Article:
Wednesday, December 19, 2018

A 100% Legal Home Insurance Boondoggle

About one year ago, our regional electric utility Kentucky Power (a subsidiary of American Electric Power) sent out mailer reminding everyone that home owners are financially responsible for any repairs necessary to outside electrical lines from the point where utility maintained lines attach to the home and to weather heads, risers, meter base and the service entrance conductor that attaches to your fuse/breaker box. This was something of which we were already aware, since we had to pay for the installation of all those things when we bought our new house just eight years ago.

What was new, was that Kentucky Power was offering all customers an "inexpensive"  insurance provided by another independent corporation HomeServe to cover the cost of repairs to those outside electrical elements between the lines that were the utilities responsibility and the interior electrical system of the home.  HomeServe would provide the services, but for convenience the cost of the insurance could be paid monthly with a couple of dollars added as part of your utility bill.  Our recent experience with setting up a new home, made us aware of how expensive those repairs might be, so it seemed like a good deal.

Unfortunately, I like many other people did not read all the fine print and details as carefully as I should have. When I was thinking about the possible need for repairs I was thinking about damage that might occur during a storm, due to wind, hail, ice, falling trees etc. I was thinking about accidents that might cause a failure of the components, such as when there was a lightening strike, or even a power overload or transformer going out.  Well it turns out that NONE of those things are covered, as I learned yesterday.

Yesterday, we received a mailer from HomeServe thanking us for being customers and informing us of a rate raise in the next year: a 100% rate raise, from $2.49 to $4.99.   Which immediately caught my attention, part of the appeal of the service was that it was so cheap. Suddenly it was not going to be as cheap.

There was also included in the mailer information on what is covered and not covered by the policy. I'm usually pretty good about thoroughly reading information about coverage on insurance, so I'm not sure how it was that I missed this. It turned out that this policy explicitly excludes damage from nature (storms, ice, wind, snow, falling trees, etc.), or accidents including power surges, power outages, and damaged transformers.  The ONLY thing covered by the insurance is "normal wear and tear."

Normal wear and tear? We previously had a 30 year old home that never had any "normal wear and tear" on its electrical components. I am almost certain that they have prescribed time periods for each, so that any damage or failure short of those time periods would almost certainly NOT be covered. After doing a little research, it would not be at all surprising if HomeServe were to determine that a metal riser and weather head should have a life of 40 years or more, meaning that any problem with it, prior to that time could not be considered "normal" wear and tear, and therefore not covered.

So today I cancelled the insurance.  I suppose if a person had an old house, with electrical equipment that was already more than 30 or 40 years old, they might consider such insurance, but for most of us, we would pay in for years and years and never be covered for anything that happened to our external electric supply components.  I strongly suggest that anyone that has agreed to such insurance, rethink the likelihood that it would ever pay off.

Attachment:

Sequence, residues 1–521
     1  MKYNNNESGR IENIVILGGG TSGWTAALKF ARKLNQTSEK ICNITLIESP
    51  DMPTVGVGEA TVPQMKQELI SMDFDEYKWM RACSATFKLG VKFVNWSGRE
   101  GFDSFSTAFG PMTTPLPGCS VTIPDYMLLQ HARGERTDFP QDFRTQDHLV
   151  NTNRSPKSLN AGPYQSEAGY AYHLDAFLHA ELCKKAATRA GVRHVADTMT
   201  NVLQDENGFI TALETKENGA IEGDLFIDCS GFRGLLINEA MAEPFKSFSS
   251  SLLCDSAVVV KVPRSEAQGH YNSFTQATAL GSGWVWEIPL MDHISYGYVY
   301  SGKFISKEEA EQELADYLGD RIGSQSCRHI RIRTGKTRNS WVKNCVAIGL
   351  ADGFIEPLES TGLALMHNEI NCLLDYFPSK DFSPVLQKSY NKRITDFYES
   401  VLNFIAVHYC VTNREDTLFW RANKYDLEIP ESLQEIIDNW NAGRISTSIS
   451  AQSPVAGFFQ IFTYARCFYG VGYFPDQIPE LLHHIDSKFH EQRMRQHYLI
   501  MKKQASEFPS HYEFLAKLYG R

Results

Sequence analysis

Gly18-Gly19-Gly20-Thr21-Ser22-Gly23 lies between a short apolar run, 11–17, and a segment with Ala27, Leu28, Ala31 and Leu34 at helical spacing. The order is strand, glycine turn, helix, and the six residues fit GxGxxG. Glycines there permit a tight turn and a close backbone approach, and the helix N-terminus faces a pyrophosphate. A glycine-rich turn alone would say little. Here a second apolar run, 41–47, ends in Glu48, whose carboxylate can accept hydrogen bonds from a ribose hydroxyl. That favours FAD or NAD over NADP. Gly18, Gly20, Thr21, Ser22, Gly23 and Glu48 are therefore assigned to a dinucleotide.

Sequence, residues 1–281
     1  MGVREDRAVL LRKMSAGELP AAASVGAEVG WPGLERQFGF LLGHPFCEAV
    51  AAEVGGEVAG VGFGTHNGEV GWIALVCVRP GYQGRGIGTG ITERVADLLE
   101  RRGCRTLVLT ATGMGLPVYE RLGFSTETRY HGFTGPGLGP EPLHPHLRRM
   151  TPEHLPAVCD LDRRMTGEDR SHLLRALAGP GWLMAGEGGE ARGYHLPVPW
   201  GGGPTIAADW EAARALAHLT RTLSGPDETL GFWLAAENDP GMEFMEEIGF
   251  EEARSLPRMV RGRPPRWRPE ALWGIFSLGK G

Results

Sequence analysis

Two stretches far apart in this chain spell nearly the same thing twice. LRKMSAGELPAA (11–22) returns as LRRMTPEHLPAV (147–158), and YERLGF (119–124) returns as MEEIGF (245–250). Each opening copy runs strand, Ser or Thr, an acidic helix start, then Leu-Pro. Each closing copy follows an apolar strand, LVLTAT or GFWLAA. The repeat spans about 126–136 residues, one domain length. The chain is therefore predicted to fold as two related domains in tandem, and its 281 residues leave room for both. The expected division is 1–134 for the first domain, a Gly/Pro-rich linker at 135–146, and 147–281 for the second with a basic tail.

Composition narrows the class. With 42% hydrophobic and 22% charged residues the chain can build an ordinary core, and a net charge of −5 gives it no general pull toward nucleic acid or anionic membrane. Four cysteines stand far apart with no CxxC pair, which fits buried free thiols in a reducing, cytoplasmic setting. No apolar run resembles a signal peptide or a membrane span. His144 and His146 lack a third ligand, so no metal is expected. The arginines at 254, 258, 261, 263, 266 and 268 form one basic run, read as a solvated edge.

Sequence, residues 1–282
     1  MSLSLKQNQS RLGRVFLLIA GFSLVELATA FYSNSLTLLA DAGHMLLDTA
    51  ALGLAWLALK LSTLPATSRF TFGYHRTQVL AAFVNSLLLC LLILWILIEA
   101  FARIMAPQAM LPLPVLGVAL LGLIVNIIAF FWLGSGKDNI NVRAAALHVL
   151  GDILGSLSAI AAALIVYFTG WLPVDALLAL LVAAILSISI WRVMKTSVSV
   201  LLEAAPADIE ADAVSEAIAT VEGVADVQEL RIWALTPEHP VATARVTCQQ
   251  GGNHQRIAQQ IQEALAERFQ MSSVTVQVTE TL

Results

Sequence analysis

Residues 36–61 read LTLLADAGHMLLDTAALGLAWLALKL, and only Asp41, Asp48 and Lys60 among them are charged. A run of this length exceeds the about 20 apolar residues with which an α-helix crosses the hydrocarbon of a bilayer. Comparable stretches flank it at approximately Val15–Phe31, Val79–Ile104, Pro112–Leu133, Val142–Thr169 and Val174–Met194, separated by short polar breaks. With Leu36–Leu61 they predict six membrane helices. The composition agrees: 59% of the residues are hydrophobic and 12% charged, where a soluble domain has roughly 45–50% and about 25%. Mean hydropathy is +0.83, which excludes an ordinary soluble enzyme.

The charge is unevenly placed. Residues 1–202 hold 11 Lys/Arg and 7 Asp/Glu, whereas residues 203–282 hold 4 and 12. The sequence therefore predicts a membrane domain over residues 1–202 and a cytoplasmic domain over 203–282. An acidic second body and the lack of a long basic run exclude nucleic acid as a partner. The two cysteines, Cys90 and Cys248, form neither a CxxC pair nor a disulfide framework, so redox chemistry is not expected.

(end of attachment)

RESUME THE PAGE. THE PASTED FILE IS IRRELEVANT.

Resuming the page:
Saturday, November 3, 2018

Peaceful People

"There is only as much peace as there are peaceful people." 

         I first encountered these words by by A. J. Muste (Abraham Johannes Muste) in the spring of 1972 in long poem "Staying Alive" by Denise Levertov a British born American poet. It was only decades later with the advent of the internet and Google that I finally learned about A. J. Muste a Dutch born American clergyman and activist.  
[Both Levertov and Muste were immigrants who contributed much to the development of this country - it should never be forgotten that so much of what we are as a country comes from immigrants and their descendants.]
         Muste began his work for peace and justice as a young clergyman in protests against U.S. involvement in World War I  in 1916 and 1917.  Two years later in 1919, Muste with two other clergyman helped the mostly immigrant textile workers many of whom spoke no English in Lawrence, Massachusetts organize a strike for better wages and better working conditions. For the rest of his life until he died in 1967 Muste was engaged in social justice and anti-war/peace causes. It was A. J. Muste who introduced a young college student and seminarian named Martin Luther King, Jr. to the notion of nonviolent activism.

         Recently I came across another quote from Muste that reflects my own evolving sense of what it means to be an activist for peace:
"In a world built on violence, one must be a revolutionary before one can be a pacifist."
         Muste did not mean "revolutionary" in the sense of engaging in violence against violence, but rather one must focus on ending social injustices first.  In the same essay as the above quote, Muste went on to say:
“There is a certain indolence in us, a wish not to be disturbed, which tempts us to think that when things are quiet, all is well. Subconsciously, we tend to give the preference to ‘social peace,’ though it be only apparent, because our lives and possessions seem then secure. Actually, human beings acquiesce too easily in evil conditions; they rebel far too little and too seldom. There is nothing noble about acquiescence in a cramped life or mere submission to superior force.”